The Shape of Nature
As soon as Arabella Caccia explains where her art comes from, and having seen her work, it all makes sense to me. It just seems to fit perfectly. Looking at her work evokes a wave of emotion, much like the actual waves that you might spot woven into her work multi-layered work.
Born in London to an Italian father and a South African mother, Caccia grew up in Tuscany, central Italy, and lived her teenage years in Johannesburg. After spending time in SA’S biggest city, she found herself living and studying in some of the biggest international cities – New York, London and Florence. She now has four daughters – of whom none went into the world of art. Caccia laughs at this fact, saying that they have definitely seen enough of that “crazy” world and decided it wasn’t for them.
The origin of her newest exhibition, Without Words – which was hosted at Everard Read in the Boland town of Franschhoek – consists of work she had previously done on baobab trees in Botswana. She visited the Southern African country to do a series of drawings on their indigenous giant baobab trees. One day, she was lying in a hammock strung from one of the trees, when she noticed the texture of the tree’s bark and all the intricate patterns that it created. She became captivated with those delicate patterns and started sketching. She even made silicone casts to make multiple prints with. This was where it all started.
Her art currently comes from the patterns that she saw in the bark of the baobab. At a later stage, she took a trip to Nature’s
Valley and was walking by the sea when she noticed some familiar patterns in the rocks lining the shore. This discovery ignited a fascination with the shapes and patterns found in nature. As she describes it, similar patterns are everywhere, throughout the world. To Caccia, they represent a common language in nature and therefore everything can be viewed as interconnected.
After breaking the shapes down into smaller pieces, Caccia painted them all individually, and then utilised them in various parts of her art. Each shape then took on its own character, and interestingly, started to resemble ancient symbols, including the hieroglyphs of ancient Egypt, and old cave drawings.this just reiterated the interconnectivity in nature and history. As Caccia explained this concept, it made sense that language is also connected to the textures found in nature – however strange that may sound.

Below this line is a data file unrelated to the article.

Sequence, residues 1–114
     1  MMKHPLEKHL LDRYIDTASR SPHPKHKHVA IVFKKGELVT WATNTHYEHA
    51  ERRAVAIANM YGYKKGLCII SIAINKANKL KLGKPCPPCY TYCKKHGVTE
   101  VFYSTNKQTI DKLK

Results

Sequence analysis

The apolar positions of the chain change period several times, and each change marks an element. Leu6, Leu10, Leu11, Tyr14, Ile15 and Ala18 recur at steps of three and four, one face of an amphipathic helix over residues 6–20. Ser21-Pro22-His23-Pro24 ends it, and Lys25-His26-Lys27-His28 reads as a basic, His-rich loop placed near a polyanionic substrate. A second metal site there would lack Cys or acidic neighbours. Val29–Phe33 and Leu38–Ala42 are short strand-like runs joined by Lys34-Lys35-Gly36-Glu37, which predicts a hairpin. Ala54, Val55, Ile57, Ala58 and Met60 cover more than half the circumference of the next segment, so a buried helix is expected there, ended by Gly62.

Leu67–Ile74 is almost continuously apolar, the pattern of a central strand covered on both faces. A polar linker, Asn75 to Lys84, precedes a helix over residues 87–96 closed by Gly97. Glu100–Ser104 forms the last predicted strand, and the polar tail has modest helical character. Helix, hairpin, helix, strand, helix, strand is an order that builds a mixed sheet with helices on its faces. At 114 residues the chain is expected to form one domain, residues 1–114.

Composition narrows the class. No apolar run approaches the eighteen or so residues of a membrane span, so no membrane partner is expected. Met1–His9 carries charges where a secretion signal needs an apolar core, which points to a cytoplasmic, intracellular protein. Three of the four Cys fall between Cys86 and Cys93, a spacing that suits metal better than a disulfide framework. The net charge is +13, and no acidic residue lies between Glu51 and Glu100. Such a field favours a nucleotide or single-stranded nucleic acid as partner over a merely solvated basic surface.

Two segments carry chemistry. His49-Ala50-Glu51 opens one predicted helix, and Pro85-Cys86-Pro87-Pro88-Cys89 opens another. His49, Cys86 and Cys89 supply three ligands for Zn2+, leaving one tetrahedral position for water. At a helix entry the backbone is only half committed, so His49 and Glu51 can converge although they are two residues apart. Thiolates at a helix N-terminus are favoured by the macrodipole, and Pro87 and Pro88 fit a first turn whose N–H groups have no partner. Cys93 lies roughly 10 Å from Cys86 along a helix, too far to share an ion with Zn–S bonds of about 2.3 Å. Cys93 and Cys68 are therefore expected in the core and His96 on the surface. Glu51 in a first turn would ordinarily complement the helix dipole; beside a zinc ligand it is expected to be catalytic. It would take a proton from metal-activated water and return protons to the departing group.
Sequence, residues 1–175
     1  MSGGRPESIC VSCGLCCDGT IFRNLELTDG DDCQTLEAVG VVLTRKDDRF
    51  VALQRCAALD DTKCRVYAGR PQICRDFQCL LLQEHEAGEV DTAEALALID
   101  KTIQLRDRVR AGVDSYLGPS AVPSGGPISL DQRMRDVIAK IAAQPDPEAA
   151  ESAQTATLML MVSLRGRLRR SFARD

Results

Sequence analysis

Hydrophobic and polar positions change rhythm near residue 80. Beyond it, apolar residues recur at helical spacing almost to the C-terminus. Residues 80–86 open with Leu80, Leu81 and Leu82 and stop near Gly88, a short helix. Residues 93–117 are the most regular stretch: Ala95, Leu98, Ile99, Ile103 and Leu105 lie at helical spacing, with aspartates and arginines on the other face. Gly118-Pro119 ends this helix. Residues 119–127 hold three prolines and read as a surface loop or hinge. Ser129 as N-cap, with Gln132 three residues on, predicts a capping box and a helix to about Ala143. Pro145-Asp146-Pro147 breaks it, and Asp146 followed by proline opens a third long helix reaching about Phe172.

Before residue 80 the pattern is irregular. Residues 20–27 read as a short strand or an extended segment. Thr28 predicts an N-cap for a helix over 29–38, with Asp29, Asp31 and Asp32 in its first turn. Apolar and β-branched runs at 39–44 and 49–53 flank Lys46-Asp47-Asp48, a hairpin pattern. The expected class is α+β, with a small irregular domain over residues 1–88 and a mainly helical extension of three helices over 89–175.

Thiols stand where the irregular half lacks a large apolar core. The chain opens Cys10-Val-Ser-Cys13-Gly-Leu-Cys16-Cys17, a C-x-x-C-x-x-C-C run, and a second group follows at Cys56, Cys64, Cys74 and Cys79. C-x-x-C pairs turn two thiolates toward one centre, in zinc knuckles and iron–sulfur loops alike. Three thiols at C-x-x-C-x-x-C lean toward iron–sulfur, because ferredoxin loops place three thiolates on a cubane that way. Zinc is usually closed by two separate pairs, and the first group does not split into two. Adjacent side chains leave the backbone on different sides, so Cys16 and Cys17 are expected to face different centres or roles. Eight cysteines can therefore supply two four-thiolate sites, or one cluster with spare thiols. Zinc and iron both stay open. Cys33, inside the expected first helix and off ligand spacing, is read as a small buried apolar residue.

Caccia uses milk paint, which is made out of milk and lime, to which she adds a pigment to make a desired colour. When she works on her sculptures, each shape is handmade individually and welded or soldered together to make a stunning whole.
Before the current stage of her career, she focused more on what she terms “conventional art”. These pieces came from a very organic place and while some were commissioned, Caccia always stayed true to her artistic vision in her work, ultimately leading to the art we are currently able to appreciate.
As an artist, Caccia is certainly not a one-trick pony – she also does live art performances which have proven very popular. Together with Jessica Bailey, a
talented cellist, they make magic happen. Caccia will paint on the wall of the art gallery and not on canvas, while Bailey will play music on her cello. Caccia explains that there is an energy between her and Bailey – Caccia will go where the music leads her and will paint what it evokes from within while the public watches on, excited to see the end result. The aim of these performances is to experience the unique energy between two creatives, as well as appreciate the art for what it is and represents in that moment. She explains that people have become very materialistic with art and seek to grow their collections for the wrong reasons. A piece of art should always be appreciated for what it is in that moment when you first lay eyes on it. After the performance, attendees will have the memory of what they saw unfolding in front of their eyes, and the work will stay on the wall as a reminder of that creative energy. The only record of the creation process is a short video that captures the entirety of the night, and these videos can be found on Caccia’s website.
Arabella Caccia’s art is a force to be reckoned with. It’s art that everyone can relate to as it consists of everyday, familiar shapes fused into stunning works with Caccia’s signature flair mixed in.
Arabella Caccia is represented by Everard Read in both South Africa and the United Kingdom. To view more of Caccia’s work or to learn more about this enigmatic artist, follow her on Instagram @arabellacaccia1, or visit her website www.arabellacaccia.com.
Surface, milk paint on canvas, 170 x 170 cm, 2018.
Planet, milk paint on paper, 120 x 120 cm, 2017.